Full disclosure: I marched against the Vietnam War years ago and much later against the war in Iraq. I eat kale and arugula. I volunteered and voted for Hillary Clinton, and have been in mourning ever since election day. Having said that, I will add that this is not a political blog!Read More
I’m not advising you on who or what to protest, but I marched on Sunday at a big anti-Trump rally in Midtown Manhattan. As I was remembering my Alexander principles, I came up with a few guidelines for participating in the demonstration or march of your choice.Read More
by Brooke Lieb Barbara Curialle graduated from the ACAT Teacher Training Program in June 2009.
Q. What made you decide to train as an Alexander Technique teacher?
A. Many years ago, I saw a former piano student of my teacher play the same piano piece before and after 2 years of Alexander lessons. He was completely transformed, and his playing—stiff and constrained the first time—had become open and joyous. It was many more years before I was able to take lessons, but my first teacher—Nina D’Abbracci—encouraged me to do the training.
Q. Why did you choose ACAT's training program?
A. I chose ACAT because it was the first program in the U.S. and because of the faculty’s amazing credentials and backgrounds.
Q. What, if anything, did you learn from putting hands on faculty?
Once I got over my initial nervousness, I appreciated the guidance—especially the verbal portion—from the faculty. Everyone’s friendly encouragement and appreciation of my efforts was a tremendous boost to my confidence. I also appreciated the opportunities to work with many faculty members: Everyone’s use and comments were different, but they all helped me integrate my own thinking.
Q. Did you observe direction in your teacher when you put hands on her or him?
A. Yes! I think that at first I was expecting some dramatic, large-scale change, but the changes I noticed were more subtle than that.
Q. If you did observe direction in your teacher, did the experience illuminate the concepts of AT, the actual mechanism of h/n/b integration/primary control, or any of F. M.'s ideas from his writings?
A. Yes, the experience did illustrate the AT concepts and especially HBN integration/primary control. In terms of F. M.’s ideas and writings, the connection was more subtle but still strong.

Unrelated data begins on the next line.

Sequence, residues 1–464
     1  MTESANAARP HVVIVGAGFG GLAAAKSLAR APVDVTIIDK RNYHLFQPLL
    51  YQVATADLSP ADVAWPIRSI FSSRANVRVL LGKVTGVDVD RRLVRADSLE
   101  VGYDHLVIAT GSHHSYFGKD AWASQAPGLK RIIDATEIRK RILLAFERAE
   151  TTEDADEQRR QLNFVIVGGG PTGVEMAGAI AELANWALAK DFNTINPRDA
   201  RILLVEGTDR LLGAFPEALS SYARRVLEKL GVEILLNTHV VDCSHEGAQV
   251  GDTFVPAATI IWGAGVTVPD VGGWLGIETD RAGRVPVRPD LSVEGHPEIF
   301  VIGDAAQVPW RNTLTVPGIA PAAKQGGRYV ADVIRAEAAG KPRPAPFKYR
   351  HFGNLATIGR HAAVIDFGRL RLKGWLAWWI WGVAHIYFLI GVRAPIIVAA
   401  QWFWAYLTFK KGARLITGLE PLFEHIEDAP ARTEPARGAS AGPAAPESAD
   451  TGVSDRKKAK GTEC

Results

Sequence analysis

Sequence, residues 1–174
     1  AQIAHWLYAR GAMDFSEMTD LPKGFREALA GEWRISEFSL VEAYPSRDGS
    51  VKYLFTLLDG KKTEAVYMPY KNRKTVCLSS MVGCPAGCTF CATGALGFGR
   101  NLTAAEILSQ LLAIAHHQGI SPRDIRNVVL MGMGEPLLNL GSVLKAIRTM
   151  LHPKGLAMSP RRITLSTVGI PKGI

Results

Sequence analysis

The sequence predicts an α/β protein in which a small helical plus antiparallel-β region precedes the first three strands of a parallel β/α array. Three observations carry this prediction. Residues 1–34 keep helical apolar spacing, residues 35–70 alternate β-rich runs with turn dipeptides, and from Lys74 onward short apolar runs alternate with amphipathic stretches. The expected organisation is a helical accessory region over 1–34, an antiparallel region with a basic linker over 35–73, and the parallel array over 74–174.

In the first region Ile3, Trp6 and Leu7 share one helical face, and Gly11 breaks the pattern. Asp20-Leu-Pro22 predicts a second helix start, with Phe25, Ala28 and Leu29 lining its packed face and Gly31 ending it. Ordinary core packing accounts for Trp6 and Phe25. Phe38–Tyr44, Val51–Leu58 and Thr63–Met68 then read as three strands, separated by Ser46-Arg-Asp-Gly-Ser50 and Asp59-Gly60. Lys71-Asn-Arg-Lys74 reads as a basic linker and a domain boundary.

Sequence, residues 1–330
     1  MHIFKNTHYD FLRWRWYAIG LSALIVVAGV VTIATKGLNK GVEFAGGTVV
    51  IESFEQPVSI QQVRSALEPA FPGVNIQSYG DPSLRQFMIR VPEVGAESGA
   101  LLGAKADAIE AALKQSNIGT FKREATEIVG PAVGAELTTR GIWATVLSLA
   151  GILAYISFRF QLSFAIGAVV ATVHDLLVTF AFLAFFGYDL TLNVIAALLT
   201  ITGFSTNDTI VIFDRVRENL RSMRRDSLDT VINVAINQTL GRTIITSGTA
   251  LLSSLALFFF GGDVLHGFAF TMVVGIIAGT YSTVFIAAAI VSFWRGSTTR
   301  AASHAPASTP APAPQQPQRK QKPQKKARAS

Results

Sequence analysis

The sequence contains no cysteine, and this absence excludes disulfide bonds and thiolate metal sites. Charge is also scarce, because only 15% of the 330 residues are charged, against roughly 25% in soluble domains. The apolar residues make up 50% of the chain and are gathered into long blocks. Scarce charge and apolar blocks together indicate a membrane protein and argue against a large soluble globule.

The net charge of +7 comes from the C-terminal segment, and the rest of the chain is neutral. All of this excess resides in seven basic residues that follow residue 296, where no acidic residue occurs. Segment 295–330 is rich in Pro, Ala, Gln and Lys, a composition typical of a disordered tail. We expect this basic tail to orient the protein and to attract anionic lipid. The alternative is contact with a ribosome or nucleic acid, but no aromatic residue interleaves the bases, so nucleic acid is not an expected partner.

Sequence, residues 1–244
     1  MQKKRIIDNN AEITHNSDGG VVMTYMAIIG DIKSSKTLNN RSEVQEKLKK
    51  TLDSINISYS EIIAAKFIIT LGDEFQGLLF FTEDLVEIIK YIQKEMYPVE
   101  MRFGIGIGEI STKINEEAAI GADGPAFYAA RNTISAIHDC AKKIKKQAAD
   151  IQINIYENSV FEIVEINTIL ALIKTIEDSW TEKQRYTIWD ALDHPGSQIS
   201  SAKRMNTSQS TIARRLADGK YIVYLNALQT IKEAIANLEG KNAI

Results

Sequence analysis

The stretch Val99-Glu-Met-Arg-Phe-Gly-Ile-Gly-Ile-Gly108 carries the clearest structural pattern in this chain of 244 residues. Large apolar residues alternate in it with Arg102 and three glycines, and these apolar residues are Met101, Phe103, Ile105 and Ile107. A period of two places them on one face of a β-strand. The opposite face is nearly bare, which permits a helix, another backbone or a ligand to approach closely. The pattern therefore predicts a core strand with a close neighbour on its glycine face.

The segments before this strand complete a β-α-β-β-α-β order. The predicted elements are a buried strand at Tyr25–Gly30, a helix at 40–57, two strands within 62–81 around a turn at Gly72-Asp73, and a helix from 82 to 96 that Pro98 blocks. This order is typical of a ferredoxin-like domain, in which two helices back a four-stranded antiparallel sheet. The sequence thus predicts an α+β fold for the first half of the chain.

Q. How did the supervised teaching in the third year contribute to your learning, and/or prepare you for teaching on your own?
A. I’m glad I had the experience of teaching with supervision. Having a faculty member there when I ran into a problem was very helpful. Again, having so many different viewpoints that all led to the same goal enriched and validated my learning experience immeasurably and helped me to formulate my own goals for working with students and making the work my own.
[author] [author_image timthumb='on']http://www.acatnyc.org/main/wp-content/uploads/2014/01/Brooke1web.jpg[/author_image] [author_info]N. BROOKE LIEB, Director of Teacher Certification since 2008, received her certification from ACAT in 1989, joined the faculty in 1992. Brooke has presented to 100s of people at numerous conferences, has taught at C. W. Post College, St. Rose College, Kutztown University, Pace University, The Actors Institute, The National Theatre Conservatory at the Denver Center for the Performing Arts, Dennison University, and Wagner College; and has made presentations for the Hospital for Special Surgery, the Scoliosis Foundation, and the Arthritis Foundation; Mercy College and Touro College, Departments of Physical Therapy; and Northern Westchester Hospital. Brooke maintains a teaching practice in NYC, specializing in working with people dealing with pain, back injuries and scoliosis; and performing artists. www.brookelieb.com[/author_info] [/author]